Social Impact Heroes: Why & How Jeannie Barsam of Gifting Brands Is Helping To Change Our World

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Starting a nonprofit or a business is not easy, especially if you came from a corporate position with a large team working for you. I was not used to getting into all areas of the business because I had a large team to do the work. It takes more time and effort to start something new.

As part of my series about “individuals and organizations making an important social impact”, I had the pleasure of interviewing Jeannie Barsam.

Gifting Brands Founder & CEO Jeannie Barsam left the corporate world in 2021 after leading Fortune 500 retailers including Gap Inc, Michaels, Talbot’s, and Signet Jewelers. Jeannie was inspired to create a business that was more than just fast fashion. Gifting Brands was born out of a passion for helping women, children, and families in need with an innovative solution to an ongoing problem in the fashion world — what to do with excess inventory.

Thank you so much for joining us in this interview series! Can you tell us a story about what brought you to this specific career path?

I was Senior Vice President of Inventory Management at Zales Jewelers in 2014, and we were in the middle of a successful merger with Signet Corporation. At that time, we had about $1.0 million dollars of prior seasons’ jewelry, and I wanted to find a way to donate it to charity. I started researching ways we could donate, but I could not find any nonprofits that could handle a large amount of jewelry.

I decided to launch my own jewelry line called Christy Jean Jewelry where I designed and made fashion jewelry that gave back 25% of sales to charity; however, I knew I wanted to do something even bigger to serve women, children, and families.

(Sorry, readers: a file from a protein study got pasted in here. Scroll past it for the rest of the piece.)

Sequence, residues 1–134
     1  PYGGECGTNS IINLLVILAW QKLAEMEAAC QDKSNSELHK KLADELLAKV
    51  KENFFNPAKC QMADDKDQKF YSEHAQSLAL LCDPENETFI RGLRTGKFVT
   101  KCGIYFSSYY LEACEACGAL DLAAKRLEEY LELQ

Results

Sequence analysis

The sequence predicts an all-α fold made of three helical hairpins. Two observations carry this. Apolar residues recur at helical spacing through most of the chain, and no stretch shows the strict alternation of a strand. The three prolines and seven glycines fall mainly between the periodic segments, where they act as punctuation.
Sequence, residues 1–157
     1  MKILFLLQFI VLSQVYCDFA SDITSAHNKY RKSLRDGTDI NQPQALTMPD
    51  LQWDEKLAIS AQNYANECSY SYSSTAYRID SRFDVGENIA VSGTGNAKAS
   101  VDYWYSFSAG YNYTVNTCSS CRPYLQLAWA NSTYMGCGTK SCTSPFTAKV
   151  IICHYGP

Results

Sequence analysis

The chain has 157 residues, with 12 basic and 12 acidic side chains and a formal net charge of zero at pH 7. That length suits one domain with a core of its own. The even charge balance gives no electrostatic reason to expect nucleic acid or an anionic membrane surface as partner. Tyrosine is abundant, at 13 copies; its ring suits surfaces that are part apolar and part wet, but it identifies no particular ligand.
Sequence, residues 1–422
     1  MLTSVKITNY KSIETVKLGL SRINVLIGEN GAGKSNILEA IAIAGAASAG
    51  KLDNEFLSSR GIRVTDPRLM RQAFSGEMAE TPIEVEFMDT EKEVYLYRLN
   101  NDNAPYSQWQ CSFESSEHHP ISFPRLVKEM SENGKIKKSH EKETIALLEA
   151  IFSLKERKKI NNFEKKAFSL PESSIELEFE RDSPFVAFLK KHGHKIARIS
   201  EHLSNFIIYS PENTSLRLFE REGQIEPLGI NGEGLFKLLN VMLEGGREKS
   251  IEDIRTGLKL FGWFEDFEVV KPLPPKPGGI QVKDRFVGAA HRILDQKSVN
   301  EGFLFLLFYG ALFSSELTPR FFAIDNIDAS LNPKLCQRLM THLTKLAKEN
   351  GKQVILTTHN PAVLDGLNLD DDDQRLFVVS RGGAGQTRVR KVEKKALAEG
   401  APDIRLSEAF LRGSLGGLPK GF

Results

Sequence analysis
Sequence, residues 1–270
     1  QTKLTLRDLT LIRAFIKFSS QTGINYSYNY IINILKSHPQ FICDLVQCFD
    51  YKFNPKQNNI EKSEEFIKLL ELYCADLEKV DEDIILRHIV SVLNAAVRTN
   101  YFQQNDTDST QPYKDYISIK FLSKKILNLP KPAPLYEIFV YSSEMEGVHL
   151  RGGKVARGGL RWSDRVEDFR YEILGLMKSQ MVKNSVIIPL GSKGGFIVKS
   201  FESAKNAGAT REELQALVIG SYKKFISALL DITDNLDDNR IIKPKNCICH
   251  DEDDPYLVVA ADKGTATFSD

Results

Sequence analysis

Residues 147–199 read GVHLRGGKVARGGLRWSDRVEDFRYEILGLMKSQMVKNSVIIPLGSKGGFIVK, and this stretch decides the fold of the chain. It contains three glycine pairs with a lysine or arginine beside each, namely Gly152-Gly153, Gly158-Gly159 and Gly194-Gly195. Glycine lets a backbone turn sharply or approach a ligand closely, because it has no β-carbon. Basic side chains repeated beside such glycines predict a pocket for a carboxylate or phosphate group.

In 2018, after reading reports of larger luxury companies destroying their excess inventory, I came up with an idea to help solve the inventory issue that the entire fashion industry struggles with. I set out to create an ecommerce marketplace where brands can donate their excess inventory without destroying it, and it’s also philanthropic!

Brands contribute their unused, excess inventory to Gifting Brands, we retail it on our website, and customers get to pick a charity to support. Shoppers love knowing that their purchase makes an impact. As we help brands manage their inventory, we also benefit the environment as we’re also reducing waste in landfills.

Can you share the most interesting story that happened to you since you began leading your company or organization?

One of the hardest parts of launching Gifting Brands was getting luxury brands to donate their excess or end of season inventory instead of damaging it or putting it in landfills which hurts our environment. Gifting Brands is such a new concept that getting some of the older, more established brands to understand that we are a better alternative has been harder than I expected. Especially because I have been in the industry for over 25 years.

I’ve called, emailed, and gone in person to NY to meet with some of the largest luxury brands, but the answer I get is “We love what you are doing, but we do not want to be the first luxury brand to participate.” I’ve been in the retail business my whole career and have seen first hand how more established brands prefer to follow the crowd vs. being the leader. I am thrilled to say that this year Jim Shreve, the

CEO of Baccarat, saw the value in Gifting Brands and said yes because he believes in our vision and wants to partner with us in making the world a better place.